Seeing Cinema in a New Light: Criticism, Essays and Observations about Classic Cinema

1990s Movies, Classic Movies, Film Criticism and Analysis, Mind Bender

The Psychology Behind Fight Club (1999), Explained

The Narrator and Marla

The Narrator and Marla

Tyler Durden as The Narrator’s Alter Ego

There is one last reason why The Narrator invents Tyler. Just as Professor Kelp in The Nutty Professor created Buddy Love to express an idealized version of himself, The Narrator uses Tyler to express his idea of who he would like most to be:

“All the ways you wish you could be, that’s me. I look like you wanna look, I fuck like you wanna fuck, I am smart, capable, and most importantly, I am free in all the ways that you are not.”

Now, this raises an interesting question: if all The Narrator had wanted was to become sexier and cooler, why go through such extremes as creating an alter ego? Why not start using gel to spike his hair, wear edgier clothing and stop shopping at IKEA?

Again, it all comes down to fear. As much as he hates his life, The Narrator is too afraid of doing anything that could rock the boat, because it’s the only boat he has known. Rather than just make a few changes, he resorts to the defense mechanism known as compartmentalization. He splits up both the rebellious and conformist sides of himself so that they are each living, thinking and acting independently from each other. By day, he continues to go to work and live his life as “Jack,” a respectable company man and conformist drip with a steady 9 to 5 job and an IKEA-furnished apartment. By night, he gets to live the life of “Tyler”, the bad ass renegade who spits in the eye of society and lives in a derelict abandoned house.

By compartmentalizing his life in this way, The Narrator thinks that there’s no way that Tyler’s antics can screw up Jack’s neat and tidy life. However, like all the other defense mechanisms he uses, this one only works for so long before giving way. Slowly but surely, the compartments The Narrator put up break down, and halfway through the movie he starts to actually show up to work as his alter ego (as we can see by the tell-tale cigarette dangling from his mouth in one scene). When he begins beating himself up in front of his boss, this is the pivotal moment in which–in the famous words of Seinfeld–“worlds collide.”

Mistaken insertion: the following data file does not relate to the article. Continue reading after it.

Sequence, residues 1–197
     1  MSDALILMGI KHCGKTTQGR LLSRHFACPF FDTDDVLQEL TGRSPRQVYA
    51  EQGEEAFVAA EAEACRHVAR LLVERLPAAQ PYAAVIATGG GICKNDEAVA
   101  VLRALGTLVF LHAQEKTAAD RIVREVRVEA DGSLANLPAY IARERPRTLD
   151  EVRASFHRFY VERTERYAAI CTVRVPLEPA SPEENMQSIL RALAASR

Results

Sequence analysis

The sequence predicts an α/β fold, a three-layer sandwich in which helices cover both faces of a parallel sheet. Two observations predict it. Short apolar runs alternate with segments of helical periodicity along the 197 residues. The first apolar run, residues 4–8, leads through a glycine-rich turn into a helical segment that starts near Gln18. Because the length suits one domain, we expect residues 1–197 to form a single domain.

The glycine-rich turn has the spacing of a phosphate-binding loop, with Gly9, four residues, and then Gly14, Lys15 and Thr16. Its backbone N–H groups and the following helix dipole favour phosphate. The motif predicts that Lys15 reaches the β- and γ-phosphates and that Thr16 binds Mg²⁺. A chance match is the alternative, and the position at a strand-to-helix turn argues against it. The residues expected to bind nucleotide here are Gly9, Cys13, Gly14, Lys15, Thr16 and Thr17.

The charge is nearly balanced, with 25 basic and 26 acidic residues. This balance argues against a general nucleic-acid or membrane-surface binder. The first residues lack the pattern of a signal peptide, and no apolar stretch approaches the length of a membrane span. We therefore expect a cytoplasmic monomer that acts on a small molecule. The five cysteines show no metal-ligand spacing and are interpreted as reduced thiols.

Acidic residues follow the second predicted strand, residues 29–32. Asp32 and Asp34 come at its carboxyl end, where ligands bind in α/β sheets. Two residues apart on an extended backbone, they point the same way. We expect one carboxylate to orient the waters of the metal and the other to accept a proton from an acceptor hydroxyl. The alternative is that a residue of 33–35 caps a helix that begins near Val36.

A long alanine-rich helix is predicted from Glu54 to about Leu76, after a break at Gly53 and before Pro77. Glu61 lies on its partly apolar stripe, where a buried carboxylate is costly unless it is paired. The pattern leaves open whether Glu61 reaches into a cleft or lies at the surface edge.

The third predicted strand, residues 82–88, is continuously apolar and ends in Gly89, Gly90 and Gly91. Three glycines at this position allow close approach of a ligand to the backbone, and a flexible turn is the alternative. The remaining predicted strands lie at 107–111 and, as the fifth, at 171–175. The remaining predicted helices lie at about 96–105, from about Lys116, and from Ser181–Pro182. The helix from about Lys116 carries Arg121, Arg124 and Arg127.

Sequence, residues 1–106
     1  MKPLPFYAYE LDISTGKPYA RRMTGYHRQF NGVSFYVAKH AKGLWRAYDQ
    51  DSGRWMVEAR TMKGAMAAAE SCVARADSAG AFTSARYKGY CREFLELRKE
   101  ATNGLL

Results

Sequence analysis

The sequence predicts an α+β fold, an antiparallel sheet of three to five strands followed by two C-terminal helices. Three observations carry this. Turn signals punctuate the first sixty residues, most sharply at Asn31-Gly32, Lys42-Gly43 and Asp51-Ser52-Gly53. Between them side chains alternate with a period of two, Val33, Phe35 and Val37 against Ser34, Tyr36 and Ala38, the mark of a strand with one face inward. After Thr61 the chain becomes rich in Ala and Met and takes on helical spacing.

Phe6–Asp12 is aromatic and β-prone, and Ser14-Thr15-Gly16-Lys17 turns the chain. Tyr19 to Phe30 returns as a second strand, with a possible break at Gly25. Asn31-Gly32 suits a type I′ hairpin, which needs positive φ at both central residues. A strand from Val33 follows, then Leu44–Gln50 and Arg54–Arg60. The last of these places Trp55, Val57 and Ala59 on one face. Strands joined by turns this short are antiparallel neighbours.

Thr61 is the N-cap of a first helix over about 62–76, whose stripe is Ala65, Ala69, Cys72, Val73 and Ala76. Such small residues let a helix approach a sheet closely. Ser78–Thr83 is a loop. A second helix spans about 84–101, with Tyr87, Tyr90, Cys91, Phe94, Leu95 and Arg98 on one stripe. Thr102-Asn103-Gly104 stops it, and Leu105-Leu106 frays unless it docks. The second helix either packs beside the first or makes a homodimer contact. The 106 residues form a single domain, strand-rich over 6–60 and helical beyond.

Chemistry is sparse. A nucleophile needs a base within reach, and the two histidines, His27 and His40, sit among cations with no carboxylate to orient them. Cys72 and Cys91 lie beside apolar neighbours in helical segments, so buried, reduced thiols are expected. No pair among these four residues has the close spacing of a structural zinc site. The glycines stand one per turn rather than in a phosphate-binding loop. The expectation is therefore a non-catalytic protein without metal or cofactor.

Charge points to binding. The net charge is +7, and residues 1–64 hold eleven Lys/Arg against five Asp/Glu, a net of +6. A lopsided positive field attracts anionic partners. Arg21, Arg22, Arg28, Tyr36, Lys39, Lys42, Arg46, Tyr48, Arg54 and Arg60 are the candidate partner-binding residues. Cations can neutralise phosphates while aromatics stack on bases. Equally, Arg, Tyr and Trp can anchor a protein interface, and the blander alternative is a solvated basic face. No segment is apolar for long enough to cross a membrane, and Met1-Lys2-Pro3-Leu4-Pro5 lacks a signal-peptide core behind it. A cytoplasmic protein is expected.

This slideshow requires JavaScript.

The Narrator creates Tyler as an alter ego for another reason–out of his own self-consciousness as a potential lover of Marla. Why would he be self-conscious, you ask? They clearly have some chemistry and a lot in common. They showed up at the same group therapy sessions looking for someone to fill a spiritual void. What the heck was the problem?

Well, look at Marla and look at Jack. Marla is an attractive cool chick who wears cool clothes, smokes and has a devil-may-care attitude. On top of that, she seems like the type who would be into sexy bad boys. Jack is the total opposite. He is a conformist, wears button down shirts, buys IKEA furniture and lives a life as dull as dishwater. To be frank, he’s pretty much a dork. You can imagine how for a person like Jack, it would be intimidating to approach someone like her. A person like Marla might laugh at him right from the get go or, worse yet, maybe take a chance then bail when she realizes what a drip he is.

By taking up Tyler’s persona when he wants to have sex with her, The Narrator loses his dorky personality to become the sexy bad boy he imagines she would like. This gives him the confidence to finally have a relationship with her, and also allows him to do it without constantly having to be riddled with Jack’s constant worries of whether she’ll dump him or not.

Fight Club, the Psych 101 of Cinema

If you were able to get this far (I know; it was a lot to take in), hopefully you’ll understand why I started out saying that Fight Club should be required viewing in any Psych 101 class. I don’t really know much about Charles Palahniuk, Jim Uhls or David Fincher’s background other than the fact that they wrote, adapted and directed the story. All I know is that all three men must have had extensive knowledge about psychology to have produced a movie this brilliant. If not, then they clearly did their homework and then some, a rarity in an industry in which most movies can’t even get basic facts right.

Leave a Reply